Monday, February 15, 2010

typeiv words

After conducting several experiments to find new ways to create kinetic typography, I've been lead to a new set of questions. Since there are many nuances in the industry I am not so interested in what I can do to kinetic typography but rather what kinetic typography can do for me. My User Experience professor Michael Kidwell has a benchmark to list the three principle uses of language. They are the Practical, the Poetic, and the Persuasive. All three point to a specific trait that good typography has. This trait is Memorably Specific for a Reason.

Knowing this I set out to find what this means for kinetic typography. I began to look at materials and their possible connotation baggage, and also different words or messages I could say with the materials.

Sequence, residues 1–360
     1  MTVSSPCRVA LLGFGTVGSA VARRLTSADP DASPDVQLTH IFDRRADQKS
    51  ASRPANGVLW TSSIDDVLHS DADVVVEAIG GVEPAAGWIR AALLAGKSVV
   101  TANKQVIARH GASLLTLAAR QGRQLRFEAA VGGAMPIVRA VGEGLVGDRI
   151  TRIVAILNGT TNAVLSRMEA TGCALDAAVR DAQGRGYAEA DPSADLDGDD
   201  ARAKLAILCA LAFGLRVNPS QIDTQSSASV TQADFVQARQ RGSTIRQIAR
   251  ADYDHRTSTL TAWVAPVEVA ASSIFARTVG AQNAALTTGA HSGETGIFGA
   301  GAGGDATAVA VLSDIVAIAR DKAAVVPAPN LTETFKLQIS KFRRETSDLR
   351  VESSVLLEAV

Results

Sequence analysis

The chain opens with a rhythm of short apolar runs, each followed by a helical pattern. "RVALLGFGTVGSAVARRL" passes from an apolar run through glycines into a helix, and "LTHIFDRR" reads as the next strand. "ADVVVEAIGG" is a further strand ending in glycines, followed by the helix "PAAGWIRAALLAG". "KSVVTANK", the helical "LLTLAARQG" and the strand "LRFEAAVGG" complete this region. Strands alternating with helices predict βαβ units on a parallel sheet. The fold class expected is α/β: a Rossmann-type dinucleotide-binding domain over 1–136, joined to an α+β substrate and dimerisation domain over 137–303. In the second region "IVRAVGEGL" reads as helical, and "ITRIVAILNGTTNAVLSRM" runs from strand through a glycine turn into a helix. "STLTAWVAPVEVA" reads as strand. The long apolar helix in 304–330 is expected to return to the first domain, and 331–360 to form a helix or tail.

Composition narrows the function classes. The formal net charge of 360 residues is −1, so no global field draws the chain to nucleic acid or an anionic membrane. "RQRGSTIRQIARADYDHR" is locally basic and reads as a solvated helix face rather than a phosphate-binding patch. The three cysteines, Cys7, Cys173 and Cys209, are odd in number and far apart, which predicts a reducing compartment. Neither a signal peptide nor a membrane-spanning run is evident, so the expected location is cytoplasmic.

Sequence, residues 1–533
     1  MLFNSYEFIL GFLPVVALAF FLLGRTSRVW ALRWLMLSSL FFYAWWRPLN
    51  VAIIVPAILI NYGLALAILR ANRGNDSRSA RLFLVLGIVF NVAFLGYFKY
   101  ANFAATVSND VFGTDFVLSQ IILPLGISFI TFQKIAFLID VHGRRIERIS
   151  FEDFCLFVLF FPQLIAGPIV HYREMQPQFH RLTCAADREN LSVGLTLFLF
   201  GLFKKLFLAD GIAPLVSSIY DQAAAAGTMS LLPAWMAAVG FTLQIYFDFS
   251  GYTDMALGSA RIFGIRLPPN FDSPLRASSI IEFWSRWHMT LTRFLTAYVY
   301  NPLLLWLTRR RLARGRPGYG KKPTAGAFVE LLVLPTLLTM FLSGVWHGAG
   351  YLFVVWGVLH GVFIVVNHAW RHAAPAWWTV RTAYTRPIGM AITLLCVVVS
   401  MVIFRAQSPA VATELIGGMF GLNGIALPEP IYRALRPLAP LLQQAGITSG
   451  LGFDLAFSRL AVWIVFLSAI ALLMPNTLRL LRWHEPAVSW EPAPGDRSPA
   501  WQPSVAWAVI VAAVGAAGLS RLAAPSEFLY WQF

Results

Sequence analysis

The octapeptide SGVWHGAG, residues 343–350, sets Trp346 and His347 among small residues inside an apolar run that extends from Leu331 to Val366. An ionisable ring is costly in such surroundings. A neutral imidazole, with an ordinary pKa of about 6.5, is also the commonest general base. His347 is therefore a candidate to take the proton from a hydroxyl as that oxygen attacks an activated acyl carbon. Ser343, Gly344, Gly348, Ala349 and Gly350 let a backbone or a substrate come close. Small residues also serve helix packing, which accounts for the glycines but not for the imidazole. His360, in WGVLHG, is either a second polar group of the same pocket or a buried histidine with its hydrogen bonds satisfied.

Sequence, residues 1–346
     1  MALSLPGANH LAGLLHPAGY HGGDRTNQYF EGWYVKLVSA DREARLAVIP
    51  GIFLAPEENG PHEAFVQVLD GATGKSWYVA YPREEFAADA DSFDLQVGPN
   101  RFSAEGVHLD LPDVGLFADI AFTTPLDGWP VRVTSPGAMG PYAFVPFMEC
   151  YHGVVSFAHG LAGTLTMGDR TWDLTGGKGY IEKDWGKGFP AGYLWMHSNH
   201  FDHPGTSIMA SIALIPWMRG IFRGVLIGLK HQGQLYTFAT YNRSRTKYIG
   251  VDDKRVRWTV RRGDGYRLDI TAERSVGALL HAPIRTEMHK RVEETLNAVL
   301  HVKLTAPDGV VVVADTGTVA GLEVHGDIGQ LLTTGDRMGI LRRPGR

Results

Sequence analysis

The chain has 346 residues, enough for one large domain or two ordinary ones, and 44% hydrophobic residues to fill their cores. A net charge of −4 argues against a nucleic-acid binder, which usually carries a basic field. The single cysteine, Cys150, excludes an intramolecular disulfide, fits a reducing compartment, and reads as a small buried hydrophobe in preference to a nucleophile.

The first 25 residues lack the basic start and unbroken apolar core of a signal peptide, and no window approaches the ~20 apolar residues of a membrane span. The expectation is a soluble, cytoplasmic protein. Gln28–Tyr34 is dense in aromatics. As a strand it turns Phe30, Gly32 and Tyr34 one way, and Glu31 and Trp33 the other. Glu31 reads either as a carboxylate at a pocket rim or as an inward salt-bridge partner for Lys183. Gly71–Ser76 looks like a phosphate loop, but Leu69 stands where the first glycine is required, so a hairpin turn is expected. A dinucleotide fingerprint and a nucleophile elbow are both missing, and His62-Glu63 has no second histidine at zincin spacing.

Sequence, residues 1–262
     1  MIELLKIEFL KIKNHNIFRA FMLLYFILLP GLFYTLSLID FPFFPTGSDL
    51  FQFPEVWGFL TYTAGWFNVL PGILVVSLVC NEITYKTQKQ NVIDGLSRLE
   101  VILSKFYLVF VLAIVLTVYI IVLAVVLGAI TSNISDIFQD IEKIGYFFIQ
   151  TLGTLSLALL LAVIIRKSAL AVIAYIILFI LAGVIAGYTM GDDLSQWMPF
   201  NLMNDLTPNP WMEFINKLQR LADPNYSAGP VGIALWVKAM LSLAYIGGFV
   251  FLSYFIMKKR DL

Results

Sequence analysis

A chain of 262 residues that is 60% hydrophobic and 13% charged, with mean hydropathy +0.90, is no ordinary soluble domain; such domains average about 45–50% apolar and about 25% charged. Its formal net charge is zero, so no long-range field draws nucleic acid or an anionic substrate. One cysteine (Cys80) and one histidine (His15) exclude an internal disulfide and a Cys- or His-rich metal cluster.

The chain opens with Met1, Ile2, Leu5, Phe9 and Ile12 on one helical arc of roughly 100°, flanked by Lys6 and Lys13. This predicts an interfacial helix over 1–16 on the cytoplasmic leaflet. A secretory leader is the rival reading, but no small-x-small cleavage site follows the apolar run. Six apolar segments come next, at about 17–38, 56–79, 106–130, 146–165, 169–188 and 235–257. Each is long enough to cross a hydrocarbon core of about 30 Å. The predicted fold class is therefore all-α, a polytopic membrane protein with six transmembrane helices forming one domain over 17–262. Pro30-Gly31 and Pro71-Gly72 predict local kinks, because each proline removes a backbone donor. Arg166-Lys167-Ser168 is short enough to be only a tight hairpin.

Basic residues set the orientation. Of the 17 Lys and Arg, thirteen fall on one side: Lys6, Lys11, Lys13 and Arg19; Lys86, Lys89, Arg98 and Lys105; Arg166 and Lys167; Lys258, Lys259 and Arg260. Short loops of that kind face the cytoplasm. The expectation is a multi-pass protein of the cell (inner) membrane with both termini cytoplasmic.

I thought of Andy Goldsworthy and other artists who do ephemeral work. I looked at people who do "Permanent" sculptural work like Takenobu Igurashi. This research lead me to believe that sculptural could be a kinetic and powerful medium for typography that could make it more memorable because the words could interact with real objects and the environment. This would add tactile sensations and other memorable stimuli that people could relate to.

Then another sub-question came to mind. Does kinetic type have to be in a film or can it be depicted in a series of photographs. Or does it even need to be captured at all; just sculpture. Since the earth and all its things are moving all the time, there is no stopping anything. I've noticed that 3d kinetic type is truly the last frontier for the field because it bridges the gap between image and type as well as the gap between photo and film.

make three dimensional bitmap words. work on three dimensional cursive. work on other things, and then make vector and bitmap imagery from them in order to create movable letters and words from them.